Which Bay Area Bridges Can Survive A Major Earthquake?
Earthquakes are as much a part of Bay Area life as fog, hills and cable cars. But for some reason, other than learning about the wreckage of past quakes, the average Bay Area resident doesn’t spend much time discussing how a large earthquake would effect modern Bay Area infrastructure.
The Hayward Fault is among the most seismically active fault lines in the United States
To say the Bay Area is seismically active at this point would be redundant, but I don’t think people truly comprehend how seismically active the region is. The Hayward Fault is among the most seismically active fault lines in the United States, and is capable of producing a 7.0 magnitude quake.
The San Andreas fault, which nearly stretches along the entire California Coast, passes right through San Francisco and can reportedly produce an 8.3 magnitude earthquake. To put that into perspective, the 1906 quake, which killed over 3,000 people and left San Francisco appearing as if a bomb had gone off, was a magnitude 7.8 on the Richter scale.
Scary shit, right?
So, in the event of a major earthquake, could our bridges withstand it and still be usable?
“We know the bridge is failing.”
According to Richard Allen, head of the UC Berkeley Seismological Lab, the only Bay Area bridges that would be usable after a major earthquake are the Bay Bridge and the Benicia-Martinez bridge. The rest “might not be usable for some time after.”
While Richard Allen thinks that all the bridges will remain standing, there are some indications that that might not be entirely true. For example, the Richmond-San Rafael bridge is already falling apart. There have been several news stories of concrete chipping off of the Richmond-San Rafael Bridge and falling onto cars. If California experiences ‘the Big One’ any time soon, would the Richmond-San Rafael Bridge collapse? In an interview with ABC7 News, Assemblyman Marc Levine plainly stated “we know the bridge is failing.”
Most of California’s major fault lines are near the coast, which means, in the event of a larger quake, the least damaged area that would be best suited for evacuees would be inland. How would residents of Marin County or Sonoma County be able to properly evacuate to the Central Valley in a timely manner? The Richmond-San Rafael bridge is demonstrably in bad shape, and Highway 37, another poorly managed North Bay corridor, was severely damaged during the Napa quake in 2014. In a larger quake, the damage would likely be worse.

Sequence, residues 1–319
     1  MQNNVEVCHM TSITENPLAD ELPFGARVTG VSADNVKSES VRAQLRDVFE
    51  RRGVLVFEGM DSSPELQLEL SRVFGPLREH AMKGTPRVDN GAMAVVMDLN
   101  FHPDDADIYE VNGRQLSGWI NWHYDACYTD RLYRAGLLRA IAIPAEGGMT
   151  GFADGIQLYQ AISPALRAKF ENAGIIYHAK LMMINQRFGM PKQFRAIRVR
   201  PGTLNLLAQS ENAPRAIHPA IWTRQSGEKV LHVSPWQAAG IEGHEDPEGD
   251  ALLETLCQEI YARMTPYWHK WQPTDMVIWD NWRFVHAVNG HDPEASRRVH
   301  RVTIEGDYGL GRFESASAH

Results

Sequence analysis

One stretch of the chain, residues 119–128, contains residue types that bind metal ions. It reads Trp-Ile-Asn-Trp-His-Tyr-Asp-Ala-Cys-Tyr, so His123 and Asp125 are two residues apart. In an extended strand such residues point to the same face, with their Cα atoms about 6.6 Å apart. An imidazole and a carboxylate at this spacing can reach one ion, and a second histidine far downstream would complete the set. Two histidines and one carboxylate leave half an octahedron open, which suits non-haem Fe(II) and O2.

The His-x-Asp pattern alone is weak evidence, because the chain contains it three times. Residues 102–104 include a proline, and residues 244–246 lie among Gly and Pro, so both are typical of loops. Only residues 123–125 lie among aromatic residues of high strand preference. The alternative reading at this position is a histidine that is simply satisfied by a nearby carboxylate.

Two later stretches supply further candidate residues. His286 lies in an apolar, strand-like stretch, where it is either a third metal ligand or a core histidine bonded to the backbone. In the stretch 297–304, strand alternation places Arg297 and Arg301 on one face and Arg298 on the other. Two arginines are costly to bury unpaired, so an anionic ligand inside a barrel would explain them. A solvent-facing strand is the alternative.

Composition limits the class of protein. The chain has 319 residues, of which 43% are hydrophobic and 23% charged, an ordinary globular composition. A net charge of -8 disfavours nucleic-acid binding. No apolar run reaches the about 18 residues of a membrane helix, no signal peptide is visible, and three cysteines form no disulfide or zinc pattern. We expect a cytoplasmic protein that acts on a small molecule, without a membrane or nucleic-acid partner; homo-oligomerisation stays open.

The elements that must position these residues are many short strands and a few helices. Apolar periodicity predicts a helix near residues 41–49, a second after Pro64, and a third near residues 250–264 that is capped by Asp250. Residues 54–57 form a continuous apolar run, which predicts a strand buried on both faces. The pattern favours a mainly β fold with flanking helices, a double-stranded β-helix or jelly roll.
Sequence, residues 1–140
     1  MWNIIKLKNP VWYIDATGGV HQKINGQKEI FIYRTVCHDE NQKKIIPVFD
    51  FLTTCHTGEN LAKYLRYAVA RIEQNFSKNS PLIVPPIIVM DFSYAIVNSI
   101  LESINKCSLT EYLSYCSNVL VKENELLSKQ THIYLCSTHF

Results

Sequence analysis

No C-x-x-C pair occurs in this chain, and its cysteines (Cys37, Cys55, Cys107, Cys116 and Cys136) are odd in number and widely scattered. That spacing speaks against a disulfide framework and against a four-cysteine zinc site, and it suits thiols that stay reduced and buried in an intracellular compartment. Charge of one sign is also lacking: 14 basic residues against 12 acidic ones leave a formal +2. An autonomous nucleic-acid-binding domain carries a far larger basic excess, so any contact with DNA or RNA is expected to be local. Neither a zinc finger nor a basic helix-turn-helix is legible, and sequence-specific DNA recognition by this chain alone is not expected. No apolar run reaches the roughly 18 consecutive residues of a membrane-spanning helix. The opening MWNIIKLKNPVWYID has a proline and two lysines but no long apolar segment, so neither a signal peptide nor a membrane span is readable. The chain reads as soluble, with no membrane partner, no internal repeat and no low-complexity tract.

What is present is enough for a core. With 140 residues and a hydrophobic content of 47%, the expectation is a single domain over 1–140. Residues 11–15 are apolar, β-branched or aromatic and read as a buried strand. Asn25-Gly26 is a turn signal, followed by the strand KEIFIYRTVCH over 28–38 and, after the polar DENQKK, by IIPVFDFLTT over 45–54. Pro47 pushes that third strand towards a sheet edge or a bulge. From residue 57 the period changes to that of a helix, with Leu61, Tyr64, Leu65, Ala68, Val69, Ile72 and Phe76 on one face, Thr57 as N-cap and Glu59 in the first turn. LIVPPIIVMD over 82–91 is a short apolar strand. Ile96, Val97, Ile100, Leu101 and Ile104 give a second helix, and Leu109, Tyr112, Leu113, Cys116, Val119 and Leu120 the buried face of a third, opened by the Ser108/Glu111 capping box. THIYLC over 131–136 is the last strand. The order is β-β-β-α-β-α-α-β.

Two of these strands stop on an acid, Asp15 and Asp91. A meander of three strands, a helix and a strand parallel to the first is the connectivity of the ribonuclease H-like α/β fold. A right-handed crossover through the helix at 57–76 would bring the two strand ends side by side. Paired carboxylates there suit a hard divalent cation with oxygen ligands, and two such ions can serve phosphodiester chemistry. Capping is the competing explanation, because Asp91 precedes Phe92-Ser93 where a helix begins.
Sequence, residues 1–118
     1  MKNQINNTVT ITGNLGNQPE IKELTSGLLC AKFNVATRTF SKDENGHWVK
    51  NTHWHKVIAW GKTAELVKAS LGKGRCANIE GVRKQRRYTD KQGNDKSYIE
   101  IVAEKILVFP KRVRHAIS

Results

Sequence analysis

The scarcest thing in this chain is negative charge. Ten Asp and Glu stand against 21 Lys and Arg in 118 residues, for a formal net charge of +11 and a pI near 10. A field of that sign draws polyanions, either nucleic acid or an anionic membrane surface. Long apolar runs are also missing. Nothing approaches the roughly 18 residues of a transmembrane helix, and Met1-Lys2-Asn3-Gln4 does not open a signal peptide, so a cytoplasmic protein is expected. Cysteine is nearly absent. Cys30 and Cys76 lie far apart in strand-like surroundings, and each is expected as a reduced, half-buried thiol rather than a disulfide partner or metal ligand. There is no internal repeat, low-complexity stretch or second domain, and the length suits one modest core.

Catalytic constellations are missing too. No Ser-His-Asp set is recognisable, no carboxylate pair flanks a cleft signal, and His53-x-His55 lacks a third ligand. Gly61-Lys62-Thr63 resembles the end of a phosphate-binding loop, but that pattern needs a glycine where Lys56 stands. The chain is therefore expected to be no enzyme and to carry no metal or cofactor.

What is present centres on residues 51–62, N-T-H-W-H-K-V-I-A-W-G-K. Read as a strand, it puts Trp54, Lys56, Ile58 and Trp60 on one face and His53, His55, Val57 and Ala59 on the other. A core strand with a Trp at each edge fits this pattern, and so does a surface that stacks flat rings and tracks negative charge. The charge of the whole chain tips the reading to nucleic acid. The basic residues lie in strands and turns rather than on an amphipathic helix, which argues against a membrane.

California is a wealthy state, and the Bay Area is the wealthiest part. Our infrastructure should reflect this. We’re the home of Silicon Valley. Why do we have bridges, especially important ones like the Richmond-San Rafael bridge, falling apart in front of our very eyes? These concerns aren’t just limited to the larger bridges, but to several smaller bridges across the region. Hundreds of smaller bridges and overpasses in the Bay Area have been deemed ‘structurally deficient’. Many of the bridges labeled as needing immediate repair have been on that list for 5 years or more.
Earthquakes are out of our control. We live in a region that sits on the Pacific Ocean, earthquakes are just a fact of life. But we can control how we prepare, and clearly, we’re not as prepared as we like to think. The Bay Bridge and the Benicia-Martinez Bridge may be quake ready, but that clearly isn’t enough. Caltrans does suffer from budget restrictions and other bureaucratic red tape, but the state of California should make the investments into Caltrans to ensure our safety. California currently has a historic budget surplus of $100 billion. Those funds should be used to secure our infrastructure against the inevitable.
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